And, speaking of ratings, here are the final and consolidated figures for the Top Twenty Five programmes week-ending 16 June 2013:-
1 Coronation Street - 9.57 million
2 EastEnders - Mon BBC1 - 8.01 million
3 The Apprentice - Wed BBC1 - 7.81 million
4 Emmerdale - Mon ITV - 7.09 million
5 The White Queen - Sun BBC1 - 6.75 million
6 The Voice - Sat BBC1 - 6.55 million
7 Casualty - Sat BBC1 - 5.37 million
8 BBC News - Sun BBC1 - 5.34 million
9 Horizon - Thurs BBC2 - 5.15 million
10 Countryfile - Sun BBC1 - 5.05 million
11 Frankie - Tues BBC1 - 4.85 million
12 Paul O'Grady: For The Love Of Dogs - Thurs ITV - 4.81 million*
13 The Fall - Mon BBC2 - 4.65 million
14 Antiques Roadshow - Sun BBC1 4.64 million
15 Watchdog - Wed BBC1 - 4.52 million
16 Holby City - Tues BBC1 - 4.44 million
17 Ten O'Clock News - Mon BBC1 - 4.42 million
18 Six O'Clock News - Wed BBC1 - 4.36 million
19 Marple - Sun ITV 4.31 million*
20 Love And Marriage - Wed ITV - 4.27 million*
21 The National Lottery: Saturday Draws - Sat BBC1 - 4.26 million
22 The ONE Show - Tues BBC1 - 4.15 million
23 All Star Mr & Mrs - Wed ITV - 4.09 million*
24 The Graham Norton Show - Fri BBC1 - 4.05 million
25 Mrs Brown's Boys - Fri BBC1 - 3.89 million
Programmes marked '*' do not including HD figures. No, this blogger can't remember the last time BBC2 had two shows in the top twenty most watched programmes of the week either, dear blog reader. And, it just shows what happens when Britain's Got Toilets finishes; all of sudden, their two big soaps aside, ITV can barely get an audience above four million.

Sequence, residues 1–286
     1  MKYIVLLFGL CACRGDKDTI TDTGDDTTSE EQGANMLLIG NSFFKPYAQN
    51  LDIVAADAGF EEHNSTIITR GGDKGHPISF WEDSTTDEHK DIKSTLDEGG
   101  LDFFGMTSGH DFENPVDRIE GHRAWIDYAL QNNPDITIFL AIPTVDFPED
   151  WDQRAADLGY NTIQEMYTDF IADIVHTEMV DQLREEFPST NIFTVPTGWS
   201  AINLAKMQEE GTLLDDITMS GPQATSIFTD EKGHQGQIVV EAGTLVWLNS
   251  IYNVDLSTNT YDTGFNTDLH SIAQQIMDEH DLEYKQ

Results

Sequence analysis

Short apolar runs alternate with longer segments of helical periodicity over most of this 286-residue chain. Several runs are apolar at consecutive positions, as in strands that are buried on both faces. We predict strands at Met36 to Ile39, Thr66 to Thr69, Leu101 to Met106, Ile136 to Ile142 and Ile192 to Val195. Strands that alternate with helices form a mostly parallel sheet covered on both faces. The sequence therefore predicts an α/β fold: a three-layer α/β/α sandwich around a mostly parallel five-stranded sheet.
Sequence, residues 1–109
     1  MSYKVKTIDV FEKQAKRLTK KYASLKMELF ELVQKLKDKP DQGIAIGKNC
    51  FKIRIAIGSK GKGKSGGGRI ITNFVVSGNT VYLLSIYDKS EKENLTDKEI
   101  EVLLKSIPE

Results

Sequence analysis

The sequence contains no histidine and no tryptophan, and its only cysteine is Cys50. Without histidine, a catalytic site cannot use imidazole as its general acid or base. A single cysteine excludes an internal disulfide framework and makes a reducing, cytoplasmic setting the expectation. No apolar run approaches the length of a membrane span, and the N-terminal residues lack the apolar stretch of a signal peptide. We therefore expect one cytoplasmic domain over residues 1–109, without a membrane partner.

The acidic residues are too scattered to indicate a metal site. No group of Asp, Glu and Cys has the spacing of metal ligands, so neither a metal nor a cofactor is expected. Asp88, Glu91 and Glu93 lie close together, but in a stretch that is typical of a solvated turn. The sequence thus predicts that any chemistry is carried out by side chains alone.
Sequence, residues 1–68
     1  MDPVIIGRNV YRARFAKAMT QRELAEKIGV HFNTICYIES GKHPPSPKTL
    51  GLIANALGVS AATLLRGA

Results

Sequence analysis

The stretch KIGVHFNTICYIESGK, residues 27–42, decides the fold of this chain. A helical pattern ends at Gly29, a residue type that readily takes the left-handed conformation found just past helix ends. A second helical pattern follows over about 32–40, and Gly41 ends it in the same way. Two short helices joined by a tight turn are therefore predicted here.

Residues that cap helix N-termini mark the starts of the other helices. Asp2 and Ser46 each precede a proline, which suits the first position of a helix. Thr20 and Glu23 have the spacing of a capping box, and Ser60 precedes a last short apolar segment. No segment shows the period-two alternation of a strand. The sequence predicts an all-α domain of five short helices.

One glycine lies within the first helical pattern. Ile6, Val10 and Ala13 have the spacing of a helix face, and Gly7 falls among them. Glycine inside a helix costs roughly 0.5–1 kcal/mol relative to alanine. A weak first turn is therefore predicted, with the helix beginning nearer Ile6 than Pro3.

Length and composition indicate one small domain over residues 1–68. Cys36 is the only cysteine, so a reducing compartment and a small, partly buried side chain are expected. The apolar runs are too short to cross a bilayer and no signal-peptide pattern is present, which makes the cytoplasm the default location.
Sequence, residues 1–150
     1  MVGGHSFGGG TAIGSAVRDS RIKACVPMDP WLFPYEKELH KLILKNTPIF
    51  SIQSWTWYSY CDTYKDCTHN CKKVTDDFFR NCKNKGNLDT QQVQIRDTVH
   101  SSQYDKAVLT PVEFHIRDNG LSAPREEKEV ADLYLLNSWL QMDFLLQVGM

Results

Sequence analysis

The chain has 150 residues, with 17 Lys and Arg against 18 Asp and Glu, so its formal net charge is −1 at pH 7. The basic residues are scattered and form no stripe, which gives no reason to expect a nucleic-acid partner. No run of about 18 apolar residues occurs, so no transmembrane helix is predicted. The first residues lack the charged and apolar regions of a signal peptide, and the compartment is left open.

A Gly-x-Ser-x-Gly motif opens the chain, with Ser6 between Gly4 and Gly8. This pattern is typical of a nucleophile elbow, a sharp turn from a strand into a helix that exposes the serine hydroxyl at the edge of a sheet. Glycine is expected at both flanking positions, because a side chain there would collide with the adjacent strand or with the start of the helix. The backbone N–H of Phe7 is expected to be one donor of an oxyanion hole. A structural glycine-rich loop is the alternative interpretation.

National treasure Stephen Fry has thanked the 'warm, caring majority' who contacted him after he revealed recently that he had attempted suicide in 2012. Writing on his website, in a rather moving piece entitled Only the Lonely, Stephen said that 'the outburst of sympathy and support that followed my confession' had touched him 'very deeply.' The fifty five-year-old said his mental health had improved of late, but that he still struggled with loneliness and unhappiness. 'I am writing this for any of you out there who are lonely too,' he added. 'I am luckier than many of you because I am lonely in a crowd of people who are mostly very nice to me and appear to be pleased to meet me. But I want you to know that you are not alone in your being alone. Loneliness is not much written about but humankind is a social species and maybe it's something we should think about more than we do.' Stephen, who has bipolar disorder, disclosed details of his suicide attempt while speaking to fellow comedian Richard Herring last month. He said that he had taken 'a huge number of pills and a huge [amount] of vodka' while filming abroad, and a producer found him in an 'unconscious state.' The actor, writer and broadcaster has always been very candid about his experiences of depression, and campaigns to end the stigma around mental health issues for the charity Mind. He said that, following his latest revelation, the public had been 'overwhelmingly kind. There's something a little flustering and embarrassing when a taxi-driver shakes you by the hand, looks deep into your eyes and says, "You look after yourself, mate, yes? Promise me?"' he wrote. 'And there's something perhaps not too helpful to one's mental health when it is the only subject people want to talk to you about, however kindly or for whatever reasons.' Stephen - who has recently completed filming on the next series of Qi - is heading to America in October, where he is due to appear in Shakespeare's Globe theatre's acclaimed production of Twelfth Night, alongside Mark Rylance.